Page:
“Our fearless dean, Dr. Yolanda Pierce, champions the model of theology in public and I agree with her sentiment,” said Jones. “We have faculty and students, who are doing phenomenal work both inside and outside of the church. Nevertheless, I consider the larger Howard community as the School of Divinity’s church body. In one of my conversations with President Frederick, he referred to the School of Divinity as ‘the moral center of the university.’”

As a coalition-discipline, according to Jones, theology traverses social, political and economic contexts, as well as peers’ work in the sciences and humanities.

“The Howard University School of Divinity embodies what is best about Howard University: its commitment to excellence in education, service to all humankind, and a legacy rooted and grounded in the experiences of people of the African Diaspora,” said Pierce. “As HUSD continues to move forward into the 21st century, we are most excited about providing leadership in terms of the critical social, political, and theological issues of the day.”



Contact: Dr. Joan Harrell
Phone: 334.724.4564
Email Address: jharrell@mytu.tuskegee.edu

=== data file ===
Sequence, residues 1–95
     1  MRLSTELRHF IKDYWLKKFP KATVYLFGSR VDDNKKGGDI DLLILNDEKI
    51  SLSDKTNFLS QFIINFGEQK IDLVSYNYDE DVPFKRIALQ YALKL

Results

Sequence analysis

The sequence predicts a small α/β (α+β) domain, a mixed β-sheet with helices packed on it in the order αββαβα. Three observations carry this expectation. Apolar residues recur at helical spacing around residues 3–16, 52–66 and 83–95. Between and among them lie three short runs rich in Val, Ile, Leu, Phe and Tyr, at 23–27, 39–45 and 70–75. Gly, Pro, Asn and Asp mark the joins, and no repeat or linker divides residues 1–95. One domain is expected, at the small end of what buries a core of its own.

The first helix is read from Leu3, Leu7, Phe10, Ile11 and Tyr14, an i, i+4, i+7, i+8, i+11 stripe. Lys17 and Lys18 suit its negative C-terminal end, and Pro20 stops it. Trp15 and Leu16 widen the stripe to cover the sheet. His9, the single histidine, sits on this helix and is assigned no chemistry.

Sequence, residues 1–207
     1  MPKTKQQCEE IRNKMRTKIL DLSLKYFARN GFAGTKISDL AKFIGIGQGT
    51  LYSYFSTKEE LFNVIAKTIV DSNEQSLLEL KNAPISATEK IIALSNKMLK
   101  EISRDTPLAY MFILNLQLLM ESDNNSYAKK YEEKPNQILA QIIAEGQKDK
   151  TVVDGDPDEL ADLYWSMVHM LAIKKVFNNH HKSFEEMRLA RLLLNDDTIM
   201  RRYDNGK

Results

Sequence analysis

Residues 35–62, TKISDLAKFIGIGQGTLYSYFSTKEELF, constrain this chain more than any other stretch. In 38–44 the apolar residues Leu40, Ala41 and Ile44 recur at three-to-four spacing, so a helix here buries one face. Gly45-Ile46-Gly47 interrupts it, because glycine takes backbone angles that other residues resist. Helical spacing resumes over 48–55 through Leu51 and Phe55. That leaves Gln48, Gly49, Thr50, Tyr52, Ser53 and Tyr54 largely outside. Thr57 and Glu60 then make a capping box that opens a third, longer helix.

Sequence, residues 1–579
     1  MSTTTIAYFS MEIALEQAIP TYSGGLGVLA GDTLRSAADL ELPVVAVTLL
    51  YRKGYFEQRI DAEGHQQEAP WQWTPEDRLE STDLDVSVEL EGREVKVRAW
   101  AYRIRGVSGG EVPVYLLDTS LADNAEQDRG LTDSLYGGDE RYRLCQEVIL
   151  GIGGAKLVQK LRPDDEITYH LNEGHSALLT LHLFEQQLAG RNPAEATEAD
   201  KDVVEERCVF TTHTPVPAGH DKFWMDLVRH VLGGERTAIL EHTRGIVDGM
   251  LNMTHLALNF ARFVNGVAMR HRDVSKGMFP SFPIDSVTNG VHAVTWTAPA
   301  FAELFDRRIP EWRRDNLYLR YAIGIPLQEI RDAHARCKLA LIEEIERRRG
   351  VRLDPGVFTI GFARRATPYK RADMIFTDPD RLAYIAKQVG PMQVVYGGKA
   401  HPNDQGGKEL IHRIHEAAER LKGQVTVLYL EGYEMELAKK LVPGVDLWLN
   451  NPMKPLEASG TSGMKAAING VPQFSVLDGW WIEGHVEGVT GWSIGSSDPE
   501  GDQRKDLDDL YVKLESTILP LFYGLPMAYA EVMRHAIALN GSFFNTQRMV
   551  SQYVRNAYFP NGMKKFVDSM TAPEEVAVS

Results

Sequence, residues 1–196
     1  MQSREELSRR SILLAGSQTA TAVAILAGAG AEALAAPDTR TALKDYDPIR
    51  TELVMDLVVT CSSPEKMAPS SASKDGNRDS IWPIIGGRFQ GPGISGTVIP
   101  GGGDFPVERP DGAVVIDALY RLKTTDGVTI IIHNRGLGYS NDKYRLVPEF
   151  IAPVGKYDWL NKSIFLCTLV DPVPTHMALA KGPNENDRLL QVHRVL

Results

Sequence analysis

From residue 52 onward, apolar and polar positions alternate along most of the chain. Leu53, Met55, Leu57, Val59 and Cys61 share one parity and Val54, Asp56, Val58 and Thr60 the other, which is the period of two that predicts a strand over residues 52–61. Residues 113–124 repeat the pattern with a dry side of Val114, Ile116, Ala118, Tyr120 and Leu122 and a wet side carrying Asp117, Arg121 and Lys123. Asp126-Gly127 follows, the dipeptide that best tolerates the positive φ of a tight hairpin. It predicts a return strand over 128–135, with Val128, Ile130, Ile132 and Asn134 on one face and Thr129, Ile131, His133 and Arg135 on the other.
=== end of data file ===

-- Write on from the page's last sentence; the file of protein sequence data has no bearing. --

Tuskegee University and Eli Lilly and Company Collaborate to Enhance
African American Participation in Clinical Trials

Tuskegee, AL, February 23, 2016 – The National Center for Bioethics in Research and Health Care (National Bioethics Center) at Tuskegee University and Eli Lilly and Company have partnered to focus on a comprehensive plan to address the longstanding challenge of increasing participation in clinical trials by African Americans. The plan will include applied research, education and community engagement.

“We are grateful for this partnership with Lilly for it demonstrates that the work being done here at Tuskegee University by faculty such as Dr. Rueben Warren is indeed world class with great societal benefit,” said Dr. Brian Johnson, Ph.D., President of Tuskegee University. “We hope to continue to build this partnership into greater endeavors that benefit Lilly, Tuskegee University and society at large.”

Dr. Rueben Warren, DDS, MPH, DrPH, MDIV, Professor and Director of the National Bioethics Center emphasized, “There continues to be major disparities in the health and well-being of African Americans, despite the tremendous advances in human subject research. The translation from the laboratory to the population is actualized, in large part, by clinical trials. However, African Americans have not benefited equitably from the genius of human subject research based on a history of distrust due, in part, to the myths and facts about the United States Public Health Service Syphilis Study at Tuskegee.”